Pakistan's army spokesman has confirmed three American soldiers were killed in a bomb blast in the northwest of the country.
Pakistan’s army spokesman has confirmed three American soldiers were killed in a bomb blast in the northwest of the country.
Maj. Gen. Athar Abbas said one soldier was also wounded in Wednesday’s blast in Lower Dir close to the Afghan border.
Pakistani security officials earlier said the soldiers were in the region as part of a small, little-publicized U.S. mission to train members of the paramilitary Frontier Corps to better fight al-Qaida and Taliban militants.
THIS IS A BREAKING NEWS UPDATE. Check back soon for further information. AP’s earlier story is below.
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SHAHI KOTO, Pakistan (AP) – Three U.S. soldiers traveling with Pakistan security force members were killed Wednesday in a roadside bombing near a girl’s school in northwest Pakistan, Pakistani security officials said. Other casualties included school children.
The three soldiers were in the region as part of a small, little-publicized U.S. mission to train members of the paramilitary Frontier Corps to better fight al-Qaida and Taliban militants, the officials said on condition of anonymity because of the sensitivity of the information.
The U.S. Embassy declined to comment. If the deaths are confirmed by American authorities, they would represent a major victory for militants close to the Afghan border who have been hit hard in recent months by a surge in U.S. missile strikes and a major Pakistani army offensive.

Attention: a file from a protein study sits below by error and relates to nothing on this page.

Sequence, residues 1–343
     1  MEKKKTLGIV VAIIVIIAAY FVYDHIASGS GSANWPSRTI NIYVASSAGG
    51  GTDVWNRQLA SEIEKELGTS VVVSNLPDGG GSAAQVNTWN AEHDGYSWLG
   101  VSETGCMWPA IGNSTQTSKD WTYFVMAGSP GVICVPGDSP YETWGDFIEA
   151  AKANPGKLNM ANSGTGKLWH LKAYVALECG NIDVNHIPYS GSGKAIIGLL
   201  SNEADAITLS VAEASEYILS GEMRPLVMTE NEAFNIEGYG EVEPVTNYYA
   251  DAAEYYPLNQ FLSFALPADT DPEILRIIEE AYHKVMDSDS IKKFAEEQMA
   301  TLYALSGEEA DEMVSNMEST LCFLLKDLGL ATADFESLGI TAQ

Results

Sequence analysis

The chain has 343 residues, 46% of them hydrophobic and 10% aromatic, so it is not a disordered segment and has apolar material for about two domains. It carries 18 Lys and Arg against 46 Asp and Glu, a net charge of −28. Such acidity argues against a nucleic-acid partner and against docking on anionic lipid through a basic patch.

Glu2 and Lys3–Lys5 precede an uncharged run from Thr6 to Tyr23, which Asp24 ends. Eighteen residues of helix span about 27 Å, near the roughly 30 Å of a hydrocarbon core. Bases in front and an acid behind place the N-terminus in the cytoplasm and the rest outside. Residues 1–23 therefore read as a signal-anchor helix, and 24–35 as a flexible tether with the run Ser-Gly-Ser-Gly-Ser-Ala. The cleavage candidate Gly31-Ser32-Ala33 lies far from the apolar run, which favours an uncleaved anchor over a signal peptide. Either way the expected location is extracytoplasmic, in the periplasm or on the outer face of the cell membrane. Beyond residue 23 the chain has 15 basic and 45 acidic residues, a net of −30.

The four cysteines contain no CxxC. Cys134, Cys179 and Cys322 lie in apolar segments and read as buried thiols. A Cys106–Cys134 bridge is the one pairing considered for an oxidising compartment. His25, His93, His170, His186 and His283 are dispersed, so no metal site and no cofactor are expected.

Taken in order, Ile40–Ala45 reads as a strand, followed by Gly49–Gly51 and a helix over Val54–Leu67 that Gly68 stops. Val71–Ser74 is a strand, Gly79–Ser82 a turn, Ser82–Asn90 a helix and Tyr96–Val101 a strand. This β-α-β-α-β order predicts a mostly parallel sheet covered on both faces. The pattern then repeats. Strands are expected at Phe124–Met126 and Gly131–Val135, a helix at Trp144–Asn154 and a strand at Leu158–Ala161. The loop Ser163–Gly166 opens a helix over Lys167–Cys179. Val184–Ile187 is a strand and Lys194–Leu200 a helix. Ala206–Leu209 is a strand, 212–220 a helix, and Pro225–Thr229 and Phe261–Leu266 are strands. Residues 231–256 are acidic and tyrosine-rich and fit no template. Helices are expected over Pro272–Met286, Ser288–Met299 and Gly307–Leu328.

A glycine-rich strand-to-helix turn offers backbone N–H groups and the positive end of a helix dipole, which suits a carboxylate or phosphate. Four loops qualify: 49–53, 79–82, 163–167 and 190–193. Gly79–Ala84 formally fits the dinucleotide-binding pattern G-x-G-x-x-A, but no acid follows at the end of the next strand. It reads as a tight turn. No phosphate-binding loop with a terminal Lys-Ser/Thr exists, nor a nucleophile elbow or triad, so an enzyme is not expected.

The blast hit a convoy close to the girls’ school, celebrating its opening in the Shahi Koto area of Lower Dir district.
At least seven people were killed, including a Pakistani soldier, officials said. Around 70 people were wounded, among them many school girls, said an army statement and police chief Mumtaz Zarin Khan. Some officials said three schoolchildren also were among the dead.
The bomb flattened much of the Koto Girls High School, leaving books, bags and pens strewn around.
“What was the fault of these innocent students?” said Mohammed Dawood, a resident who helped police dig the injured from the rubble.
Later, the bodies of three foreigners and two injured were flown by helicopter to Islamabad and then taken to the city’s Al-Shifa hospital, said a doctor there who asked his name not be used citing the sensitivity of the case. One of the injured had minor head wounds and the other had multiple fractures.
He said Pakistani army and intelligence officers were present and not allowing visitors into the building.
Lower Dir shares a border with Afghanistan and with the Swat Valley, a region the army last year retook from militant control in an offensive. As part of its offensive against militants in Swat, the Pakistani army has carried out operations in Lower Dir.
U.S. troops have been training Pakistan’s Frontier Corps since at least 2008. The corps is a major force in the northwest, but they have long been under-equipped and under-trained, making them a feeble front line against militants.
The training program was never officially announced, a sign of the sensitivity for the Pakistan’s government in allowing U.S. troops on its territory. Frontier Corps officials have said the course included classroom and field sessions. U.S. officials have said the program is a “train-the-trainer” program, and that the Americans are not carrying out operations.
Zada reported from Shahi Koto, and Ahmad from Islamabad. Associated Press writers Zarar Khan and Chris Brummitt contributed from Islamabad.